We are pleased to present you the third Tails bimonthly report. This report sums up the work that was done on Tails in May and June 2011.

New releases

The new Tails 0.7.2 bugfix and security release was out on June 13th. See its announce for details.


All main pages of Tails website have been vastly improved. Content is now better structured and easier to read; it also looks a lot nicer.

Many efforts have been put in the install page that now provides a much improved step by step explanation of how to get, verify, install and use Tails. Screenshots, Windows and Mac OS X instructions are included for even more awesomeness, along with dozens of other tiny little layout and design improvements.

The walkthrough that was initially imported from Incognito is still outdated, but sections that need to be reworked have been clearly labeled as such.

More work on the documentation is happening in the public doc-rework Git branch. Tails developers are not that skilled in documentation writing, so help is needed and much welcome!

Our public email address was renamed to tails@boum.org; its OpenPGP key was updated accordingly. We also have documented how to get to trust our OpenPGP keys.


As announced in the previous report, the Tails project is participating in the Google Summer of Code. One student committed to work on the tails-greeter, which will enable us to implement many features that depend on a better boot menu. His progress can be followed on the project's development blog. The code can be seen in the tails-greeter Git repository and in a feature branch in the main Tails Git repository.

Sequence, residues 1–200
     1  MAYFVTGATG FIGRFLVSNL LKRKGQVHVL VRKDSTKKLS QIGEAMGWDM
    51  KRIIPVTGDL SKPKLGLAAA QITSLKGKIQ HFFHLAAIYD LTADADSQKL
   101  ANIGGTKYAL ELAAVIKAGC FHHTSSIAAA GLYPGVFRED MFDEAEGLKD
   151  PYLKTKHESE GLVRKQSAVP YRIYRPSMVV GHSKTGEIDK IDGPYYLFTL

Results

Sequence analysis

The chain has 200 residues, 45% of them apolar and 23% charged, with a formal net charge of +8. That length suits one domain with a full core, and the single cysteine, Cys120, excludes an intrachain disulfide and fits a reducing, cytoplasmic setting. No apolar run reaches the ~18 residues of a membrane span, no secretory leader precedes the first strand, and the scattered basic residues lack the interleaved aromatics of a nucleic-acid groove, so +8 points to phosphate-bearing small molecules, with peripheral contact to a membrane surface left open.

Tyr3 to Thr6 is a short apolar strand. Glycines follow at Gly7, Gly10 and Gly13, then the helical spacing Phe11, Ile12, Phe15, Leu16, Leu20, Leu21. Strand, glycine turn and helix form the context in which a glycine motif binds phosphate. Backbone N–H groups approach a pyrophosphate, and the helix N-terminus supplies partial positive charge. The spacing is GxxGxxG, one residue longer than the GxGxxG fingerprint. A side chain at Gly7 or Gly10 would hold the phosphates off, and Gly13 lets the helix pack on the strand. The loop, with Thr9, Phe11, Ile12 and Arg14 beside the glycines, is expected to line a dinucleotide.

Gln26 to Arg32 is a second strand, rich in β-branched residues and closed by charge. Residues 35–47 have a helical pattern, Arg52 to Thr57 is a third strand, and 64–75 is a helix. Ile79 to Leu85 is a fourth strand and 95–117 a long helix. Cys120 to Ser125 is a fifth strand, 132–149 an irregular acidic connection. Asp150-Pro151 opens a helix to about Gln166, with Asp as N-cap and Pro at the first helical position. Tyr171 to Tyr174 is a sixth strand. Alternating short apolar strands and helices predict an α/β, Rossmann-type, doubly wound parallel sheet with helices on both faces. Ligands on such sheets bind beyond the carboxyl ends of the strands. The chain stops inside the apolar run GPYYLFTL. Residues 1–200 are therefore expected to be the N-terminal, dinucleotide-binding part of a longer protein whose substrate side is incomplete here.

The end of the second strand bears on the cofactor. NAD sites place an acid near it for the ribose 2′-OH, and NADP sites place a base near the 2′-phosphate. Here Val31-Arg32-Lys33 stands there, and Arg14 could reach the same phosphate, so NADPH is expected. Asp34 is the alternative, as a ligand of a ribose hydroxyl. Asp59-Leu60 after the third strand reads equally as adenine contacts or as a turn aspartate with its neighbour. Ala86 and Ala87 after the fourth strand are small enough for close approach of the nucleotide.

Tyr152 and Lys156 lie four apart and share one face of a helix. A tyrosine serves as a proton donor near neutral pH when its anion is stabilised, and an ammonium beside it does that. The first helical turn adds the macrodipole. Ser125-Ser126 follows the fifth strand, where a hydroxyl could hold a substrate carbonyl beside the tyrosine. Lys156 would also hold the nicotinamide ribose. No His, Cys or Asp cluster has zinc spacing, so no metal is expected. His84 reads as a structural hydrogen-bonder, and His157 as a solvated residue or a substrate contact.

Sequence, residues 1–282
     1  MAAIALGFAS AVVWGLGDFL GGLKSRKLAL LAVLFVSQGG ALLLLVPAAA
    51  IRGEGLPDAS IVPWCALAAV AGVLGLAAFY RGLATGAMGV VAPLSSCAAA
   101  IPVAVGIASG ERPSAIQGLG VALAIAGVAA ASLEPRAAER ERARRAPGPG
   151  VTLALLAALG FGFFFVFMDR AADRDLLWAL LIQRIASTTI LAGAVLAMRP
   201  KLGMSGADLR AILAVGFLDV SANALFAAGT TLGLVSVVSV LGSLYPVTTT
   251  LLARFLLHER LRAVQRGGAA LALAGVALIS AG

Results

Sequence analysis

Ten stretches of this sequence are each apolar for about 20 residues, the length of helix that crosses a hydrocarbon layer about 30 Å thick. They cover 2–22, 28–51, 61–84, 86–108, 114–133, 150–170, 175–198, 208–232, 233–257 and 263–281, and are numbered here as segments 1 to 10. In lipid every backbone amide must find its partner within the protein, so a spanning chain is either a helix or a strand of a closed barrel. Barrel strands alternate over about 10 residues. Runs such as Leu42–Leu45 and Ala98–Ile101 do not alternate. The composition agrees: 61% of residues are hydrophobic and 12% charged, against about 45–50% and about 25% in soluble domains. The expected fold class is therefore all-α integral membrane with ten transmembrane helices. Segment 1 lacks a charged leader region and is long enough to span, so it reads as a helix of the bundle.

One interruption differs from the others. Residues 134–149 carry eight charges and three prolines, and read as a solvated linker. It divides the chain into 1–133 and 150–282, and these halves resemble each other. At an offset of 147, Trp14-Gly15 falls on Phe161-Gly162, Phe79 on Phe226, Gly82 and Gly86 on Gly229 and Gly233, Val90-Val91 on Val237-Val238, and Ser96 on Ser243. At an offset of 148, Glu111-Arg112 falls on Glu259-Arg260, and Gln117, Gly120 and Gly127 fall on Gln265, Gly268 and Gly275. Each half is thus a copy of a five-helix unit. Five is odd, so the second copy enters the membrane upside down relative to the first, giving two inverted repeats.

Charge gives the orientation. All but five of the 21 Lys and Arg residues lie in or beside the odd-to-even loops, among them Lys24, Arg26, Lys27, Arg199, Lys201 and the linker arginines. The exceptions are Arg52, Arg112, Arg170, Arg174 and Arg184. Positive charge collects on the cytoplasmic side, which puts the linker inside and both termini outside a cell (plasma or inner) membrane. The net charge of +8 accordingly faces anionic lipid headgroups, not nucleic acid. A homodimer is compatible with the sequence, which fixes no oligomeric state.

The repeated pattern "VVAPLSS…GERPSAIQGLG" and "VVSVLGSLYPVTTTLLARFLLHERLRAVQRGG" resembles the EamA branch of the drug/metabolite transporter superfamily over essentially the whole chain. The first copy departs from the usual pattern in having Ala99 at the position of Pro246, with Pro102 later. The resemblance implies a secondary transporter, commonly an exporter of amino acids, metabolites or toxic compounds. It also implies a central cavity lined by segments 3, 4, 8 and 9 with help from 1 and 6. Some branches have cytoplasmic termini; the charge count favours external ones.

With this new boot menu in mind, a solution was implemented to offer a safer handling of administrative privileges within Tails. It will be enabled as soon as tails-greeter is ready for prime-time.

And now?

Upcoming release

Unless bad security issues are detected, the next Tails version will be a major one, dubbed as 0.8. It should contain a few new features:

  • To make Tails users harder to single out from other Tor users, Pidgin nickname generation process was improved.
  • An easily reachable immediate shutdown button was added to the top panel; moreover, the computer is now shutdown when any power-related button is pressed (power, sleep, lid close).
  • Accessibility: install a screen magnifier and a screen reader.
  • The current on-screen keyboard shipped in Tails (namely: onBoard) never made it into Debian. We have been carrying the burden of forward-porting our patches for more than one year. Florence, a new, nicer and more featureful on-screen keyboard entered Debian a few weeks ago and should be shipped in Tails by the next release.
  • The PiTIVi video editor is now installed in Tails.

It should also include several minor fixes and improvements:

  • The handling of hardware clocks that are skewed enough to prevent initial connection to Tor was fixed.
  • The firewall was tightened a bit more.